RE: Hi, a timeline question, and some math about encryption - Drashner1 - 05-16-2018

A couple of quick thoughts since it's getting late here. Will respond more fully to your post above tomorrow or as time permits. But these two just popped into my head:

a) Magmatter can pack an enormous number of 'atoms' into a very tiny volume and by its nature 'views' any environment below the level of a neutron star as being near absolute zero and almost utterly inert. S3 or higher archai might therefore create magmatter based quantum computers or masses of entangled particles that could retain their 'functionality' up to and including conditions that would reduce any conventional matter to plasma.

b) S4 plasma processor based computronium can pack an S3 level mind into about a kilogram of computing substrate (not counting the magmatter support structure). As such, archailects could potentially create 'quantum modules' or sub-selves such as you describe up to that level. Maybe more if they combined this with swarms of nested void bubbles.

Todd


RE: Hi, a timeline question, and some math about encryption - Roger - 05-16-2018

(05-16-2018, 11:49 AM)Drashner1 Wrote: Another quick thought re modos matching transapients in the encryption dept by simply building up enough computronium:

It should be noted that transapient computronium is qualitatively superior to modosophont computronium, and at the S4 and higher level starts operating at levels that would tear apart processors held together by chemical bonds - so modos are literally incapable of building it. Transapients also presumably employ better/more efficient software design to go with better hardware, making the gap between their tech and modo even larger.

I suppose that modos could (in principle) still build massive amounts of computronium to make up the difference. But I'm not sure how much they would have to build to make up the difference.

Agreed. But encryption is one of the few problem areas where a simple brute-force search of all the keyspace is actually the most efficient algorithm (at least, it is if the cryptologist designing the code knew what they were doing, since that's exactly what they're trying to ensure). Unlike, say, chess, or go, or higher mathematics, there are no subtleties about pruning the search tree or recognizing abstract relationships and patterns -- the best you can possible do is just try every key as fast as you can. So, unlike most problems, it parallelizes (and can be attacked via Grover's algorithm) very cleanly -- if you want to try a billion keys at once, and you happen to have a computronium bank of a billion little processors available, the programming overhead for doing so is negligible. So this -- extremely atypical -- problem is the one area where toposophic barriers don't really apply: Denebolla collapse never kicks in, since the architecture for parallelizing it to arbitrary numbers of processors is trivial (well, up to one processor per key in your entire keyspace -- not usually a significant limit). But for more typical problems (like designing and manufacturing that computronium bank in the first case), that isn't true.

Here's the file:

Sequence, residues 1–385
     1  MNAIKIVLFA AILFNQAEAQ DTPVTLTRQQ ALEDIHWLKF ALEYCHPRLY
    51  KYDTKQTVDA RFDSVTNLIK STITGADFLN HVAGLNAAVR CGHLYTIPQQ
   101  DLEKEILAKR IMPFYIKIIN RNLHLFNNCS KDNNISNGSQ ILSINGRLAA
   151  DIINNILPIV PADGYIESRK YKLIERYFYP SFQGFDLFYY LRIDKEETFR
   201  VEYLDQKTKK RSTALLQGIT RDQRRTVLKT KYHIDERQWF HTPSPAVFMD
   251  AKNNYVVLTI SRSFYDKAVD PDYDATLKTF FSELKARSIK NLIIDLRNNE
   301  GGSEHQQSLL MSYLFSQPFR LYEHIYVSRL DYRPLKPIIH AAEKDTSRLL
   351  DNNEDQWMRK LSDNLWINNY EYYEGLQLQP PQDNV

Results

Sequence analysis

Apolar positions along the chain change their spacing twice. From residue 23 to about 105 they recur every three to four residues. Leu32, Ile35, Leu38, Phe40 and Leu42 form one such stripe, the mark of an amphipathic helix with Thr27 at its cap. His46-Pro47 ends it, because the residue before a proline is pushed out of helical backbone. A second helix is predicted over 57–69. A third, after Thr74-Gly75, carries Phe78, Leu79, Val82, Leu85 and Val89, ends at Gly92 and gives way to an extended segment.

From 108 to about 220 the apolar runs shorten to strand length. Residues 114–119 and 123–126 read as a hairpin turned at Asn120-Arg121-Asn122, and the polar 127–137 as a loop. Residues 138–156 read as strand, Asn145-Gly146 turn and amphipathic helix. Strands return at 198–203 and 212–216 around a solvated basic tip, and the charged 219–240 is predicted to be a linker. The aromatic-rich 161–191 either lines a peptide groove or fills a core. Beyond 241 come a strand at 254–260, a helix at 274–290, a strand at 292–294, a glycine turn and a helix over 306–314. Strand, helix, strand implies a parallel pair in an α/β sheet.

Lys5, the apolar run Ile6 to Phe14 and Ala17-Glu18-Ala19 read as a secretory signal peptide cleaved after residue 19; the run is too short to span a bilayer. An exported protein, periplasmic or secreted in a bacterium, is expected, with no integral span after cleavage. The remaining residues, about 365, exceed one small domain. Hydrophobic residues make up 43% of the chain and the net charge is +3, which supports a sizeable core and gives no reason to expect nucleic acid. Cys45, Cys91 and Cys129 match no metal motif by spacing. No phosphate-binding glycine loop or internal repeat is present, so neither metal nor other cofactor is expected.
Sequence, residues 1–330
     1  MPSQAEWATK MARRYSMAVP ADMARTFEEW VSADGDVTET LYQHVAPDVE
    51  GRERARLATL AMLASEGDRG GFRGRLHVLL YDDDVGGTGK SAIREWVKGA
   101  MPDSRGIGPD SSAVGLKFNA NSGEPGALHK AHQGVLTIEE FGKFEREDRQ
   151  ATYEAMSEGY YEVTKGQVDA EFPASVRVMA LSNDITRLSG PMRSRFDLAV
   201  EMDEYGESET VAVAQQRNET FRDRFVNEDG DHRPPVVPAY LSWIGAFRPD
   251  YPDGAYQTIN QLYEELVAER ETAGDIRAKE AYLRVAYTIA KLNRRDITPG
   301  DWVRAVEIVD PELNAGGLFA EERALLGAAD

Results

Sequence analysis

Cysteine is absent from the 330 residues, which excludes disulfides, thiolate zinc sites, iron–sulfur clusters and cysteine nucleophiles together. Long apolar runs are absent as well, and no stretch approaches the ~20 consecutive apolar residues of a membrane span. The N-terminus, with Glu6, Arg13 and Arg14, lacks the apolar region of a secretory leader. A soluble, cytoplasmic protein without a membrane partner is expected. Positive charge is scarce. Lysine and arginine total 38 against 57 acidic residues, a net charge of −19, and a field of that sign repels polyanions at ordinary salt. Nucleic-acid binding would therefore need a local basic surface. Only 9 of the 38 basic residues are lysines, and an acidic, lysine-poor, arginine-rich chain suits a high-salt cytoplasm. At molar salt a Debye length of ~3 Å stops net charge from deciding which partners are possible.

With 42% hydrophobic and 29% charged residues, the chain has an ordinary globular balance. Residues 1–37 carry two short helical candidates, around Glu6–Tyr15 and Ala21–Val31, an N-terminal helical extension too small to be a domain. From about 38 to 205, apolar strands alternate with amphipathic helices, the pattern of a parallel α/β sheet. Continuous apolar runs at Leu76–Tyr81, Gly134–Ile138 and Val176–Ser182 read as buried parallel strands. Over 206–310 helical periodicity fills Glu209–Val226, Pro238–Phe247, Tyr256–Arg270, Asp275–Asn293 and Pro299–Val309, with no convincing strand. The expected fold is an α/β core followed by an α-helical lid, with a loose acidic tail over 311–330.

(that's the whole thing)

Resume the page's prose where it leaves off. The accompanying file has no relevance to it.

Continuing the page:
So yes, of course an archai will have access to far larger banks of far faster computronium than a mososophont. But usually the archai also has the advantage is also having a far more efficient architecture for handling complex problems, which lets them additionally use those computronium banks far more efficiently (since they're supernaturally-to-a-modosophont effective knowing how to prune the search tree, or recognize abstract relationships, or whatever's needed for this complex problem). But for a problem like brute-force trying every key (as opposed to, say using mathematics and logic to figure out a subtle flaw in the cryptosystem, if one exists, or trying to technotelepathize the message sender), an efficient architecture for handling complexity isn't needed -- the problem parallelizes trivially, no search tree pruning is needed, and (assuming that no subtle flaws in the cryptosystem exist) there's no more effective but more complex approach. So this is the area where an archai actually has the smallest advantage over a modosophont -- merely the level of advantage you'd assume from comparing the ratio of their nominal available processing power, without their usual huge algorithmic efficiency advantages on top of that. So brute-force search of a very large number of simple-to-check possibilities (in the absence of any clues suggesting where to look), like brute-force decryption, is one of the very few areas where a modosophont that had access to a moonbrain-sized sphere of S3 ultimate chips (assuming e knows how to use it, and yes, obviously that's unlikely) can do roughly as well as an S3 moonbrain that's built out of S3 ultimate chips.